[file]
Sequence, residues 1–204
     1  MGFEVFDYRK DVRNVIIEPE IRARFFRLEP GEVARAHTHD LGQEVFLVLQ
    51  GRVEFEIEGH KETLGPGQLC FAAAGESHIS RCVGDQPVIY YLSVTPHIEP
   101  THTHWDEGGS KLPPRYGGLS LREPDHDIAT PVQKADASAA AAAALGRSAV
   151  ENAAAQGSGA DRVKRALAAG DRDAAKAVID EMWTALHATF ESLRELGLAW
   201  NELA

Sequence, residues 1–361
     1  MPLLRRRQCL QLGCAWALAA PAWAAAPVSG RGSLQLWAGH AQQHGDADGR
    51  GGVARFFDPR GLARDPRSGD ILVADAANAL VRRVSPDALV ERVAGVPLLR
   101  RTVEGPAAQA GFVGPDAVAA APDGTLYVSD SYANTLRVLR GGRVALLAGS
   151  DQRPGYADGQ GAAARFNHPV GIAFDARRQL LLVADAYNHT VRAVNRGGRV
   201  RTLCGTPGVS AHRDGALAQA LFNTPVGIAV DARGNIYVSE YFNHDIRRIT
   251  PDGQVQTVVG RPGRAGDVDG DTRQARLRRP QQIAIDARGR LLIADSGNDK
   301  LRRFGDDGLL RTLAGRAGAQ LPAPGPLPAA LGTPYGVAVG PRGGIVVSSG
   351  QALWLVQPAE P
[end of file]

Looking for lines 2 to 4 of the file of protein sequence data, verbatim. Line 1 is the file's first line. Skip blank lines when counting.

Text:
     1  MGFEVFDYRK DVRNVIIEPE IRARFFRLEP GEVARAHTHD LGQEVFLVLQ
    51  GRVEFEIEGH KETLGPGQLC FAAAGESHIS RCVGDQPVIY YLSVTPHIEP
   101  THTHWDEGGS KLPPRYGGLS LREPDHDIAT PVQKADASAA AAAALGRSAV